Facebook addresses brand safety issues

Carolyn Everson Facebook 9175

Carolyn Everson Facebook 9175

Publishers repeated caught sharing content that violates Facebook's Content Guidelines for Monetization, clickbait or sensationalism, or misinformation and false news risk losing their monetization privileges.

The rules published by Facebook on Wednesday prohibit ads from running on content that features "fights, gore and beatings of either animals or people".

Facebook will use automated systems and human reviewers to enforce its new rules, which will also ban monetization on content that could be considered violent ("depicting threats or acts of violence against people or animals"), explicit (showing "blood, open wounds, bodily fluids, surgeries, medical procedures"), or pornographic (showing "nudity or adult content, including depictions of people in explicit or suggestive positions, or activities that are overly suggestive or sexually provocative").

Along with these guidelines, Facebook also announced new tools for advertisers.

These are the latest changes to how Facebook uses ads on its site.

"We have found approximately $100,000 in ad spending ... that was connected to about 470 inauthentic accounts and pages in violation of our policies", Facebook Chief Security Officer Alex Stamos wrote in a post, last week. Across its flagship platform and Audience Network, internal data shows more than 70% of in-stream video ads - up to 15 seconds in length - are viewed to completion.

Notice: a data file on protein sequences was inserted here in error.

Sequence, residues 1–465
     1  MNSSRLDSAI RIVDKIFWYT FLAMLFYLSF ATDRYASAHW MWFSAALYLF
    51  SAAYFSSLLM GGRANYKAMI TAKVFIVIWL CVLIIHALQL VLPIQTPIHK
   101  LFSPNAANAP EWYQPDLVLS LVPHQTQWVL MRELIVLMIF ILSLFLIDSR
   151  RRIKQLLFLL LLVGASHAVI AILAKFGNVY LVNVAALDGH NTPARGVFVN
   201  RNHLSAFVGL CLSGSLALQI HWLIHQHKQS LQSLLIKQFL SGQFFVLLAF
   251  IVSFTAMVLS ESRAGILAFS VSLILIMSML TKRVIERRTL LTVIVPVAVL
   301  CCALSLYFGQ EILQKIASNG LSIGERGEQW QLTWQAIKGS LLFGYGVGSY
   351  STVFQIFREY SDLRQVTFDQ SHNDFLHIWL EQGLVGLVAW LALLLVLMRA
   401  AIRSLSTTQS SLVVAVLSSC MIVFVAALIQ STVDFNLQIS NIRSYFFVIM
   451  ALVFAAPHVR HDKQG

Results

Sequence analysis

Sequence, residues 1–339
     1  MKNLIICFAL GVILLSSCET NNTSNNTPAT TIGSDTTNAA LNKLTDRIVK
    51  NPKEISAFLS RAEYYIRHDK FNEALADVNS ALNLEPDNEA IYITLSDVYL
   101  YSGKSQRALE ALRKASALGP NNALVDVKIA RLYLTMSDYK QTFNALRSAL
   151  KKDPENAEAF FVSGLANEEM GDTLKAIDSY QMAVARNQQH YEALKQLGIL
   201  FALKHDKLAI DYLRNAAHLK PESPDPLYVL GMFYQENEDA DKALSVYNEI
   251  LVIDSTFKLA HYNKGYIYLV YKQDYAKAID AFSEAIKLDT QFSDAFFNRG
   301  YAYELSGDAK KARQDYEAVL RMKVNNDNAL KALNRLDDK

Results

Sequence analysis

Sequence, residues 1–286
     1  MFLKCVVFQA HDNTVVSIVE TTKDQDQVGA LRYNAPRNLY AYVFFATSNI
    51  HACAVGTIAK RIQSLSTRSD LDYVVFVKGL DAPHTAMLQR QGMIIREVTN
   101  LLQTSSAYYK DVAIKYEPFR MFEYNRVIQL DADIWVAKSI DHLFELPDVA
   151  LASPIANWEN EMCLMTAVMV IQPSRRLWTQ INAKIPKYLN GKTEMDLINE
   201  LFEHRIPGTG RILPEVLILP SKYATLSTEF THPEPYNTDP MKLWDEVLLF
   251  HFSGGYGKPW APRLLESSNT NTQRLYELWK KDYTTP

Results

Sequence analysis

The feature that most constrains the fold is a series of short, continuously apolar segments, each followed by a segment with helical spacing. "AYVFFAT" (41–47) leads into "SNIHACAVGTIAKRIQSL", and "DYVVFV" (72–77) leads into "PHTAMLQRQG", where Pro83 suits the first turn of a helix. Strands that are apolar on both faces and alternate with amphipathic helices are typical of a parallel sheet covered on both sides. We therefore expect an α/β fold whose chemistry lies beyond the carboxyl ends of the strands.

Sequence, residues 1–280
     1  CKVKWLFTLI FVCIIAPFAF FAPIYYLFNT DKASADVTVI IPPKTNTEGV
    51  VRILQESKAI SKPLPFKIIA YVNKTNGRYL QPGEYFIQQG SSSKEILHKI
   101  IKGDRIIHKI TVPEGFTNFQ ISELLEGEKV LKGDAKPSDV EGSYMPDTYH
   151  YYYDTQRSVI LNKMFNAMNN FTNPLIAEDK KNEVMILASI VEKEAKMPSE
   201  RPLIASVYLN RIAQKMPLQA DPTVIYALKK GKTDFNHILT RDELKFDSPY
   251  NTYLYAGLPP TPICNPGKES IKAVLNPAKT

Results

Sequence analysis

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Facebook, the world's largest social network, has recently introduced a range of monetisation options, including "Branded Content" and "Instant Articles". While it clarified the types of publications that will no longer get ad money, it also removed the line between content that promotes unsavory or offensive subjects and content that's reporting on them - a move that could have a big impact on the sorts of topics that will appear on Facebook. Your content may be impacted by these guidelines, but will remain on the platform provided it meets our Community Standards.

Specifically, Facebook has spelled out what kind of publishers are and aren't allowed to make money from ads on the social networking platform.

"New partnerships Facebook is partnering closely with third parties, such as DoubleVerify and Integral Ad Science, to ensure the brand safety tools and controls created to serve advertisers" needs.

Creators and publishers must have an authentic, established presence on Facebook, it said, adding these guidelines also apply to videos on Facebook and will extend to "Instant Articles" over time.

With early indications that Watch is drawing an audience, coming out with standards early in its roll out gives Facebook an opportunity to build a quality environment.

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